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Bits per channel/Paint.NET


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Rick, How many bits per channel is Paint.NET?

I was reading about a new piece of open-source software for images/frame editing called "CinePaint" http://www.cinepaint.movieeditor.com/ (the Windows version is currently unavailable until "Glasgow" is finished) and it boasts an amazing 32-bits per channel!

According to the Cinepaint front page: The Gimp is only 8-bits and even Photoshop is only 16-bits. More bits mean more detail and higher resolution, so where does Paint.NET stand?

Thanks for answering.

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Paint.NET is currently 8-bits per channel.

Or rather, the only type of layer that Paint.NET currently supports is an 8-bit per channel bitmap layer. The composition (aka rendering) code and file format are layer-type agnostic, so in the future we could technically add 32-bits per channel bitmap layers, text layers, adjustment layers, procedural layers (type in math equations or something), etc. But that's a long ways off.

The Paint.NET Blog: https://blog.getpaint.net/

Donations are always appreciated! https://www.getpaint.net/donate.html

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Thanks for the response, I didn't think the "untouchable" Photoshop was only 16-bit. With it's program tailored for digital cameras and scanners, I would think that it would be a little deeper than that in the resolution dept.

Anyhow, I still favor Paint.NET's UI over that other one, plain old gray and black boxes just don't have the same "pizazz" that they might have had back in the day.

And since most images on the web are only 8-bit, it wouldn't make sense to add any more resolution to them since the images would only be compressed and then transmitted from server to client on the internet.

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There would still be benefit to having 16 bits per channel, or more. The main drawback is performance and memory usage (it goes up proportionally!), although the gradual adoption of 64-bit will make the latter less of a worry.

The main benefit would be preserving precision between multiple operations. For example, right now if you adjust the brightness of an image so that it's really bright, the color values scrunch up to the upper end of the available precision. If you then make the image darker to get it back to normal, you will have what looks like a very splotchy image. To put this in numerical terms, let's say the values in the original image of 220 through 255 were then brightened to be 255 (i.e. [220,255] was mapped to 255), and 190 through 219 were mapped to 254. Then when you make this darker, we only know these values as 254 and 255 ... so these get mapped back to 220 and 255, respectively, with no way to "get back" all the intermediate values.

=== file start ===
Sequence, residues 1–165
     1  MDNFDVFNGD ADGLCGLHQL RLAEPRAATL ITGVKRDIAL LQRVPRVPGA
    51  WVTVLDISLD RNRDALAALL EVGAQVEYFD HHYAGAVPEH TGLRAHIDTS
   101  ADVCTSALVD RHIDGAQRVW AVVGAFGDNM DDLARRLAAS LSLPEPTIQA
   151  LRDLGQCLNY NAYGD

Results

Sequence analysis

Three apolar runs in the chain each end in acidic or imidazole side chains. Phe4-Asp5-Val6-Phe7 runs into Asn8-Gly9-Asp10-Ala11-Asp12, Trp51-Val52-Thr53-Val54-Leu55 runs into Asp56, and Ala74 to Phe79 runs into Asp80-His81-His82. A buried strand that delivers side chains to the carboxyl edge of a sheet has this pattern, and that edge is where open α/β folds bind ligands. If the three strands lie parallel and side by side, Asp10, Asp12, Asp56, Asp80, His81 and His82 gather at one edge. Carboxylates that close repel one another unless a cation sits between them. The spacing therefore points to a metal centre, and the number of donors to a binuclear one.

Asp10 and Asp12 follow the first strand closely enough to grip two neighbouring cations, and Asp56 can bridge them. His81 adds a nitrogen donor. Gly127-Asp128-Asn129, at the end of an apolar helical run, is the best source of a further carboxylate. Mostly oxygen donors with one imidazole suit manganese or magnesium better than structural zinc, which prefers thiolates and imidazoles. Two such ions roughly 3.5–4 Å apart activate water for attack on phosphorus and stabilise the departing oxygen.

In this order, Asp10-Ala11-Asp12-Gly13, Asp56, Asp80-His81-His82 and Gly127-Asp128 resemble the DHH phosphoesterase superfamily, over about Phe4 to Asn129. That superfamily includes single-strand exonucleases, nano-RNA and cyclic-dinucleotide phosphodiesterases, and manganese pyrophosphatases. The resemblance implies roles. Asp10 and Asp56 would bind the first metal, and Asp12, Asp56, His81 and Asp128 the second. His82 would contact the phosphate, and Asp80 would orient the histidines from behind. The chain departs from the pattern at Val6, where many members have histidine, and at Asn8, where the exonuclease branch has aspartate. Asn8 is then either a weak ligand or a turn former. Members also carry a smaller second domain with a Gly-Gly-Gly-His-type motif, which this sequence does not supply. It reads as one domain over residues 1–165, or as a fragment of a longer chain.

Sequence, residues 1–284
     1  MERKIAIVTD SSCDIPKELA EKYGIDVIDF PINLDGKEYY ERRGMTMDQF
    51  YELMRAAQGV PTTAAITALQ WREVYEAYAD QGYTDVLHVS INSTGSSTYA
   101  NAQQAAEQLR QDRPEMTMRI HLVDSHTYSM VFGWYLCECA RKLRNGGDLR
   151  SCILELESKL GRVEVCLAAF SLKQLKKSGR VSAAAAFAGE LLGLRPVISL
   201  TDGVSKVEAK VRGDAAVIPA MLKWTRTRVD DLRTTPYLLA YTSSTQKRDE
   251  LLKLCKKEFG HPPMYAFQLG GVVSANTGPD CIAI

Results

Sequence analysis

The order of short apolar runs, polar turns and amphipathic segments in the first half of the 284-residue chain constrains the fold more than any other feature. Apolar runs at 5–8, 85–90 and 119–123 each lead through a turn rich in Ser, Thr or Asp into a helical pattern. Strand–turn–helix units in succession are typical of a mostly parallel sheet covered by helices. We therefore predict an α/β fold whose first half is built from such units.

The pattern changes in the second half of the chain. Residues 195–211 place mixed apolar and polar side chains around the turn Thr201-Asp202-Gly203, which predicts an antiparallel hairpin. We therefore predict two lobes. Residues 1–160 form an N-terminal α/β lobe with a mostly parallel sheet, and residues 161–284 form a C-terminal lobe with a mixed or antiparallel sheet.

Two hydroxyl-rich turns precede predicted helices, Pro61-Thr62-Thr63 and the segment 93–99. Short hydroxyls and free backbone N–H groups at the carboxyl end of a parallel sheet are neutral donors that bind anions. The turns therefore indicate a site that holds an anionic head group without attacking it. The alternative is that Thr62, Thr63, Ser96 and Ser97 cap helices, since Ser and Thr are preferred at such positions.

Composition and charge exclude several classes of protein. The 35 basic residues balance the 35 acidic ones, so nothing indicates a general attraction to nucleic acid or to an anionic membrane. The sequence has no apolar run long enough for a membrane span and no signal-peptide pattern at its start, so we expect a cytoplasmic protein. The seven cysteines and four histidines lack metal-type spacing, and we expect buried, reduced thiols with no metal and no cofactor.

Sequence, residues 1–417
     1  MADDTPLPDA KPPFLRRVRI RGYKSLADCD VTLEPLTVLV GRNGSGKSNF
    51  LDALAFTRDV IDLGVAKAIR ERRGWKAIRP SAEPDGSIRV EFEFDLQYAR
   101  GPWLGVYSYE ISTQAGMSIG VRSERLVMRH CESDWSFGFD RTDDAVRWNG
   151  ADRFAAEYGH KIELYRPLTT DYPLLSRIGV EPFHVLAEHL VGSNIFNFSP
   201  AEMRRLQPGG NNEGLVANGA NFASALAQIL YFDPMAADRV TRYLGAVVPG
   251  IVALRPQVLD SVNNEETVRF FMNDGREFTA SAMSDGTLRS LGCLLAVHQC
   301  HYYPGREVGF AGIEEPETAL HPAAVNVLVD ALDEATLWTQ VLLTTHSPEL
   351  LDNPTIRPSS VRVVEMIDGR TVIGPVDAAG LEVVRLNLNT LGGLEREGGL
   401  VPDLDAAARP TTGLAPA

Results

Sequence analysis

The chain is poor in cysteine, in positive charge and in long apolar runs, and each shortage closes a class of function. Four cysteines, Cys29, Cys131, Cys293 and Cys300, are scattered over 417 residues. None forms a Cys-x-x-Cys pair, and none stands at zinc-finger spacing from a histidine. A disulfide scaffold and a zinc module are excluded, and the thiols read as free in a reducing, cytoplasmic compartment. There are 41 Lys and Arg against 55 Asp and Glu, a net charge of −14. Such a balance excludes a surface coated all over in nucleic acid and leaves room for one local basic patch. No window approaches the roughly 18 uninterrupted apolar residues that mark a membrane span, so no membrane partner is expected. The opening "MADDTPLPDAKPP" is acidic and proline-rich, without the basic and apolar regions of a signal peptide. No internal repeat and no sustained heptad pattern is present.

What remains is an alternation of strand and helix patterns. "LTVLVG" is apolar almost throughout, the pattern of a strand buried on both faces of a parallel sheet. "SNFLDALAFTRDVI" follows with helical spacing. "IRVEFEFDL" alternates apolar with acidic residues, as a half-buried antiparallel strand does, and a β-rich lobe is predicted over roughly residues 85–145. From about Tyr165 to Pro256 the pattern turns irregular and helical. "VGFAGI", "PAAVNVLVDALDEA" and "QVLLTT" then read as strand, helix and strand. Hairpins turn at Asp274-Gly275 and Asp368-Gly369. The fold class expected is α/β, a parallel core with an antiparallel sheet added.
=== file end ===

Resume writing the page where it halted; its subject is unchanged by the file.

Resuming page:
If we were to store pixels with more precision, we might have 220.0 through 255 map to 254.1 through 255.0, and then 190 through 219.9 would map to 253.0 through 254.0. Then, on the return trip, 255.0 would map to 255.0, 249.5 might map to 237.5, and 249.0 would map to 220.0, etc.

Even if you just save to JPEG eventually for distribution, it makes working with layers and making continuing adjustments a much richer experience.

Anyway that's probably a medium-to-terrible explanation, hopefully it makes enough sense :)

The Paint.NET Blog: https://blog.getpaint.net/

Donations are always appreciated! https://www.getpaint.net/donate.html

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There would still be benefit to having 16 bits per channel, or more. The main drawback is performance and memory usage (it goes up proportionally!), although the gradual adoption of 64-bit will make the latter less of a worry.

That's what I forgot to mention before, will having a 64-bit version of Paint.NET make it easier to work with bits per channel (and larger images in general) than the 32-bit standard we work with now? The performance and memory was something I thought about in hindsight and that would take up more of the system's resources gradually.

Yeah, that explanation made enough sense :lol:

I liken it's algorithm to the compression used in compressing .zip and .rar files but using images instead.

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Hmm well it's not like compression at all :) It's just a matter of rounding error. If I add 20% to 211, I get 253.2. But with 1 byte I can only store the value 253. So my rounding error is 0.2. After rounding many times you get pretty far away from what the real value should be. Having 16- or 32-bit precision allows your rounding error to be much, much smaller.

The main benefits Paint.NET will see from 64-bit (we're talking v2.6 here) are performance and access to more memory. Right now if you open a large image you can't do much without running into an out-of-memory error (d'oh). As for performance, I've done some preliminary benchmarks and there's a healthy boost for certain operations in Paint.NET.

Having 64-bit will make it easier to work with more bits per channel in the sense that you have more memory to work with and thus have a better chance of actually fitting your image in memory (with Paint.NET's architecture anyway). It won't make my life as a developer easier -- the programming is pretty much the same. Although I guess it will make fewer people reporting "Out of memory" crashes :)

The Paint.NET Blog: https://blog.getpaint.net/

Donations are always appreciated! https://www.getpaint.net/donate.html

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